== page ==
this way and that, now high up in the trees, now down to the
    ground, the blackbird always close behind; and no little bird
    flying from a hawk could have exhibited a greater terror than
    that pert chaffinch--that vivacious and most pugnacious little
    cock bantam. At last they went quite away, and were lost to
    sight. By and by the blackbird returned alone, and, going
    once more to his place near the second bird, he settled down
    comfortably to finish his sunbath in peace and quiet.

    I had assuredly witnessed a new thing on that unpromising day,
    something quite different from anything witnessed in my wide
    rambles; and, though a little thing, it had been a most
    entertaining comedy in bird life with a very proper ending.
    It was clear that the sick blackbird had bitterly resented the
    treatment he had received; that, brooding on it out in the
    cold, his anger had made him strong, and that he came back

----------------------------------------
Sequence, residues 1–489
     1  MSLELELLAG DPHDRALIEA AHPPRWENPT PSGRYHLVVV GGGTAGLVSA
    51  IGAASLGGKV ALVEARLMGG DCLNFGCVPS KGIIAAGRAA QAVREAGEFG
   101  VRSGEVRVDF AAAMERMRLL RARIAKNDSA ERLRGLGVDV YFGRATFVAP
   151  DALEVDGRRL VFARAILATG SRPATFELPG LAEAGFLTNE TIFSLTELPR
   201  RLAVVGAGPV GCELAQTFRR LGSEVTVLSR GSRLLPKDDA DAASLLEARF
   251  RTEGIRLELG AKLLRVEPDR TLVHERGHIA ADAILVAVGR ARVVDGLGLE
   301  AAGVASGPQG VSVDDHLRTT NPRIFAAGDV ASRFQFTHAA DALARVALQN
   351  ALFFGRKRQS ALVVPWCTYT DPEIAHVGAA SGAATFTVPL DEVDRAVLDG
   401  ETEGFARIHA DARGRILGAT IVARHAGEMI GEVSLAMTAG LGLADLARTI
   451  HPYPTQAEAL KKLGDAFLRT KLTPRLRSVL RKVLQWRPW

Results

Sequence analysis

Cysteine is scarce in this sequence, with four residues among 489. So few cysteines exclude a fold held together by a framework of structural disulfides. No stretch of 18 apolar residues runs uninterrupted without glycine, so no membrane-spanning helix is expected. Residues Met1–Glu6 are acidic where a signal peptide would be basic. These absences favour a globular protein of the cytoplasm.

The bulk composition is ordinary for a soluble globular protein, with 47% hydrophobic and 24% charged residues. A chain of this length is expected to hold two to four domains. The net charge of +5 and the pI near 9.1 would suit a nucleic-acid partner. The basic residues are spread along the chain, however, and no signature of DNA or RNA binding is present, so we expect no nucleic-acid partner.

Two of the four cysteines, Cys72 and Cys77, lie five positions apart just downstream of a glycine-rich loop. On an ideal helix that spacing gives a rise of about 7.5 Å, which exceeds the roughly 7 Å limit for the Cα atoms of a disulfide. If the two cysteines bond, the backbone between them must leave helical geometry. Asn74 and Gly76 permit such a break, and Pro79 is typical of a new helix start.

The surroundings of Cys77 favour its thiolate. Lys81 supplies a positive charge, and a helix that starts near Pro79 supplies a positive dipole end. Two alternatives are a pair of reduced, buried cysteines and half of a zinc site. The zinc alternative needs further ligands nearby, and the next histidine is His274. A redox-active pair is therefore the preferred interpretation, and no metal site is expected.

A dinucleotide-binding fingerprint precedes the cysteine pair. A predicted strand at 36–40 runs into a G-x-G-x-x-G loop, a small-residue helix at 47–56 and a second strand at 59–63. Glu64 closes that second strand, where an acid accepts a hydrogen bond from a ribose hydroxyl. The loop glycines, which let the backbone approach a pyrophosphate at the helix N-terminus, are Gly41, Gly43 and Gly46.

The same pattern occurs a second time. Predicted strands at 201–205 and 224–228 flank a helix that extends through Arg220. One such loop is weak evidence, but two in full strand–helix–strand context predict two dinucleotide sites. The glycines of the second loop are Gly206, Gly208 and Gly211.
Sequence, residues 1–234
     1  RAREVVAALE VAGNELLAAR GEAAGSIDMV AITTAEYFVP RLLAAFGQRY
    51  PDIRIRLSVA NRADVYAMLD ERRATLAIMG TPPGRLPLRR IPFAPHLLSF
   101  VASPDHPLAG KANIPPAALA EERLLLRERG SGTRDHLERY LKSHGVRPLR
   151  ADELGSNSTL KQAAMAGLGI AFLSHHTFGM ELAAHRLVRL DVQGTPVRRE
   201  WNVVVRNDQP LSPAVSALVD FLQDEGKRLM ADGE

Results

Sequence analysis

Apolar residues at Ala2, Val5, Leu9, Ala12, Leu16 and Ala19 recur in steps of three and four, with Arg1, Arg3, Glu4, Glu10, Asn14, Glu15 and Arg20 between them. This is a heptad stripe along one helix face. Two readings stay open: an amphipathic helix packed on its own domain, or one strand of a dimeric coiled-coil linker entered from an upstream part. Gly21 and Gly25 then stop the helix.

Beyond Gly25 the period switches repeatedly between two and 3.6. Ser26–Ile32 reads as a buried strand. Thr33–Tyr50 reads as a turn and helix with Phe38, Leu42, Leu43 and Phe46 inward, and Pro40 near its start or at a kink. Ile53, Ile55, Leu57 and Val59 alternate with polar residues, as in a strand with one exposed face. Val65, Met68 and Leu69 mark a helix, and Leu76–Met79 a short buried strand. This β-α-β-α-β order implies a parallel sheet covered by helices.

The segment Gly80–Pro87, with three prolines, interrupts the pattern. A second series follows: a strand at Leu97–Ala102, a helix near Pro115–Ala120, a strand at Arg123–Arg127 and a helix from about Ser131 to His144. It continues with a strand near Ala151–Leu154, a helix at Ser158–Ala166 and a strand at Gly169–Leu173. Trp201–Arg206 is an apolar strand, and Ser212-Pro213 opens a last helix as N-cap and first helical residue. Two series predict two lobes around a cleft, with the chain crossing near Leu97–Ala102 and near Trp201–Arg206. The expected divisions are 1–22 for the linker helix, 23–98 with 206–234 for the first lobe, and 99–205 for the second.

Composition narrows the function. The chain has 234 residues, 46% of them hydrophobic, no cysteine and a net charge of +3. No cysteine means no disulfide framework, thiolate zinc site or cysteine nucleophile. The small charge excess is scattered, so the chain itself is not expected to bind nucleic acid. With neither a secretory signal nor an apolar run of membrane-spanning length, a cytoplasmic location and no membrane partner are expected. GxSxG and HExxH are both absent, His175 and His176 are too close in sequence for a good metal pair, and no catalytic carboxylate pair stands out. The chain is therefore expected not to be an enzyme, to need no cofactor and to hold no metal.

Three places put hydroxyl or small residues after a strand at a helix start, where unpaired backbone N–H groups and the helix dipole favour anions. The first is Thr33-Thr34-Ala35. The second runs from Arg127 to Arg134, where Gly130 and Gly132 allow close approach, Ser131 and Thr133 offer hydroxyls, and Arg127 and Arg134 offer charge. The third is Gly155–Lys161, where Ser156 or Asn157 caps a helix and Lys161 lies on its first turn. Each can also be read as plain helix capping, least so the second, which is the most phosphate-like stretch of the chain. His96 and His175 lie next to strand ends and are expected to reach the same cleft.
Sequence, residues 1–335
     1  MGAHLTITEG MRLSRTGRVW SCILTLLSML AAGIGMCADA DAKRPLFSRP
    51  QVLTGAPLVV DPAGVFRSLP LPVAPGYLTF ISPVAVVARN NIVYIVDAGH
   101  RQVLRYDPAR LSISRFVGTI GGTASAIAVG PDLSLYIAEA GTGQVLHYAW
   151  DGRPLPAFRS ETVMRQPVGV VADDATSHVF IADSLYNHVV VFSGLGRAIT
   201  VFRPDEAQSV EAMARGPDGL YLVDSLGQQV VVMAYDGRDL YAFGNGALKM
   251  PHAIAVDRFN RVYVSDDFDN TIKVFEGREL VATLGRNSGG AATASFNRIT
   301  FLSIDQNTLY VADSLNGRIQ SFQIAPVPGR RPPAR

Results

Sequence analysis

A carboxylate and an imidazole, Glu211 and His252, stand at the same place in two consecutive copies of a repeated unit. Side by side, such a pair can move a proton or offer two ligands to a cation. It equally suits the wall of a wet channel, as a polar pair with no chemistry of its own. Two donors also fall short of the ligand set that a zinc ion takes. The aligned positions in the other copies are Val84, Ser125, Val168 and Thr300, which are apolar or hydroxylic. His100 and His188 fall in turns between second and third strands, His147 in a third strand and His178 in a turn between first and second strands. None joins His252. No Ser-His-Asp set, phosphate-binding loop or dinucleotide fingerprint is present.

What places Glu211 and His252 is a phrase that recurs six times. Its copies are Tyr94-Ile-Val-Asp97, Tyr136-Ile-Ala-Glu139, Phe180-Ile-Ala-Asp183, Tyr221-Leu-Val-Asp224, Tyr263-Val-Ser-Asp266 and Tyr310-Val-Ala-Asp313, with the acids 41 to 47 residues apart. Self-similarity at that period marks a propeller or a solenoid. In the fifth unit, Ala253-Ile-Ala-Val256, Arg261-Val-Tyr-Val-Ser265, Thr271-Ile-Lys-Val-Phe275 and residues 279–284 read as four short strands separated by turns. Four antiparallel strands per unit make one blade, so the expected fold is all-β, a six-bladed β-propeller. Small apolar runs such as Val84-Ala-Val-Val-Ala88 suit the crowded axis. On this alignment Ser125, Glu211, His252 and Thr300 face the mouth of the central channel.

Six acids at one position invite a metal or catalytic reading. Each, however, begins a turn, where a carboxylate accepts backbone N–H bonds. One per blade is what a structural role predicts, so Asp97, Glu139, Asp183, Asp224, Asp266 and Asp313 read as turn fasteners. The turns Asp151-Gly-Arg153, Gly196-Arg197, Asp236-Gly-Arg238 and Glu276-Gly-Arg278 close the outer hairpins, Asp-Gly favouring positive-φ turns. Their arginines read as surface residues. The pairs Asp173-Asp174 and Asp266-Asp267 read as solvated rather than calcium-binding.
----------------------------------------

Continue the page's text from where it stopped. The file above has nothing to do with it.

determined to fight, with his plan of action matured. He was
    not going to be made a fool every time!

    The birds all gone their several ways at last, I got up from
    my stone and wondered if the old Romans ever dreamed that this
    wall which they made to endure would after seventeen hundred
    years have no more important use than this--to afford shelter
    to a few little birds and to the solitary man that watched
    them--from the bleak wind. Many a strange Roman curse on this
    ungenial climate must these same stones have heard.
    Looking through a gap in the wall I saw, close by, on the
    other side, a dozen men at work with pick and shovel throwing
    up huge piles of earth. They were uncovering a small portion
    of that ancient buried city and were finding the foundations
    and floors and hypocausts of Silchester's public baths; also